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More on Equitable Discretion

Below are the six reasons given by Judge Bates as to why he would exercise his discretion to issue a ruling in the Miers case.  In my next post I will consider how these points may impact the parties as they go forward. 

(1)  judicial resolution would settle this dispute between the parties as to whether Ms.

Miers is absolutely immune from congressional process and whether Mr. Bolten must respond further. Resolution of the immunity issue will determine the next steps (if any) the parties must take in this matter.  

(2) contrary to the Executive’s suggestion that the Committee did notmake any serious counter-offers, the record reflects that it was the Executive and not the Committee that refused to budge from its initial bargaining position.  Mr.Fielding himself stated that the Committee had written to him “on eight previous occasions, three of which letters contain or incorporate specific proposals involving terms for a possible agreement.” The Executive, by contrast, apparently continued to adhere to its original proposal without modification. Thus, the “equity of the conduct of the declaratory judgment plaintiff” supports the exercise of the Court’s discretion in favor of the Committee.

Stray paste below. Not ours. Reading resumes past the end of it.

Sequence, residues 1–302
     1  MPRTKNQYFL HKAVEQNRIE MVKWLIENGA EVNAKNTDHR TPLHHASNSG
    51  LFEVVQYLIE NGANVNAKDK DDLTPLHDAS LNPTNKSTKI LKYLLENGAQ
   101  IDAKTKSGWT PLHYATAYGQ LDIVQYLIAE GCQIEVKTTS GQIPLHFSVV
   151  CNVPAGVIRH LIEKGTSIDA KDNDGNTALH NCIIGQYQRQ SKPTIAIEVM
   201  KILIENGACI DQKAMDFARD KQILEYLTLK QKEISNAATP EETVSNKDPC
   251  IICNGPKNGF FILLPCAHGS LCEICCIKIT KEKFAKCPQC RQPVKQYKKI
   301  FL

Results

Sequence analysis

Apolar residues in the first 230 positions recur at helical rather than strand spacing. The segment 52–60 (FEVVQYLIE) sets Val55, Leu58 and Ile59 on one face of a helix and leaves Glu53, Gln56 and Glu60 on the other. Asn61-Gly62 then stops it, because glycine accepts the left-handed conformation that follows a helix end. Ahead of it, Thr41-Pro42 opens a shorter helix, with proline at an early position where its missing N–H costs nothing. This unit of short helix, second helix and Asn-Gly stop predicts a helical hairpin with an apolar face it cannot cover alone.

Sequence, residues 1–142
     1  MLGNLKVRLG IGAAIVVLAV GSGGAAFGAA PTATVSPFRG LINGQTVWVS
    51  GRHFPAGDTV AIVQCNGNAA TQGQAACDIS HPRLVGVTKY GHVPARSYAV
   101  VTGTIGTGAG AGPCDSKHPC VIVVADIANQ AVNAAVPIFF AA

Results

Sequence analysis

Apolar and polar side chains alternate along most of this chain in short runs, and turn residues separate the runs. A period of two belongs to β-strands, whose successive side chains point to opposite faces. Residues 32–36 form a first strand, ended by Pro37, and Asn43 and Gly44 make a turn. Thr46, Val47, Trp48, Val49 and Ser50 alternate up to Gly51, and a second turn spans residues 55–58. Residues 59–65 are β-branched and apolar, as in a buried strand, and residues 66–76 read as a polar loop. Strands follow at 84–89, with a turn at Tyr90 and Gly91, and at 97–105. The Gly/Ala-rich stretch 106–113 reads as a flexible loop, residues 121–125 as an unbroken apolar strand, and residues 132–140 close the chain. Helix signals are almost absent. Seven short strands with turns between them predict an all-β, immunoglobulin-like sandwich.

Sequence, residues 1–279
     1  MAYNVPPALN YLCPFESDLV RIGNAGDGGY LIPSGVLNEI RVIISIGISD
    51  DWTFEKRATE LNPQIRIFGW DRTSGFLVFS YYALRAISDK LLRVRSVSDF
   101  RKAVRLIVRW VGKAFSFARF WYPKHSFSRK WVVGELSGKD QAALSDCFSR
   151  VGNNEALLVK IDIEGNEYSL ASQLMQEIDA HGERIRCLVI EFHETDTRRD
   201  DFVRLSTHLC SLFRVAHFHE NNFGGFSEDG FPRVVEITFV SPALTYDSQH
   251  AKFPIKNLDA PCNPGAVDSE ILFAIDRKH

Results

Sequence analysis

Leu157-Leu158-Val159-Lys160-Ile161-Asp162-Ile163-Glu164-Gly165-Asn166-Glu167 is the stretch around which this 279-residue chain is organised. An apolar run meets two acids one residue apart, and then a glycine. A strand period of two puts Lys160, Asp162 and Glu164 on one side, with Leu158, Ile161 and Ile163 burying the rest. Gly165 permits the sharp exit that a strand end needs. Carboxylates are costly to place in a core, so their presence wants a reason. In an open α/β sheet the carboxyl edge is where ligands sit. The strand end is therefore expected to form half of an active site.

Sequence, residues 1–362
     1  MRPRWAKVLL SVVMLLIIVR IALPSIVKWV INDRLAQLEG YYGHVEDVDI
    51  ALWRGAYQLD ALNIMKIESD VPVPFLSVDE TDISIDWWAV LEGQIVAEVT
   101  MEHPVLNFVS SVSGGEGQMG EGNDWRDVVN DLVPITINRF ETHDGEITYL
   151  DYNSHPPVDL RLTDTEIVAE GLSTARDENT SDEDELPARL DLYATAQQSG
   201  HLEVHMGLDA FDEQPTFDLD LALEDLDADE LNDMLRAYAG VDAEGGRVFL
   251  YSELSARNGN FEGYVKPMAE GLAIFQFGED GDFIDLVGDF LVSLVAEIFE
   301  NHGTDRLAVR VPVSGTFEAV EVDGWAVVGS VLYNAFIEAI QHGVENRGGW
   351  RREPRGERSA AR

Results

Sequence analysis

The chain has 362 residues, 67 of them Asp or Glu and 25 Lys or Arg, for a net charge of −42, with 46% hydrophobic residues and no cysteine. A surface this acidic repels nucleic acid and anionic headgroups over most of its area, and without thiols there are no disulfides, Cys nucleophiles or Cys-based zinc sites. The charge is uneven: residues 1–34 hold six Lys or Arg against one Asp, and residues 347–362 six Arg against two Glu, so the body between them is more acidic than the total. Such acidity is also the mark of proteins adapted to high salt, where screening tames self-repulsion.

(3)  the record is fully developed for purposes of the issues presented by these motions. Significantly, immunity is strictly a legal issue, and it is the judiciary that must “say what the law is” with respect to that matter.  

(4) the parties are most surely sufficiently adverse. 

(5) both sides agree that this case raises issues of enormous “public importance.”  

(6) there is a strong possibility that this sort of dispute could routinely “recur.” Indeed, it already has: on July 10, 2008, former White House advisor Karl Rove asserted absolute immunity in response to a congressional subpoena and on July 30, 2008 the Committee voted to hold him in contempt.

 

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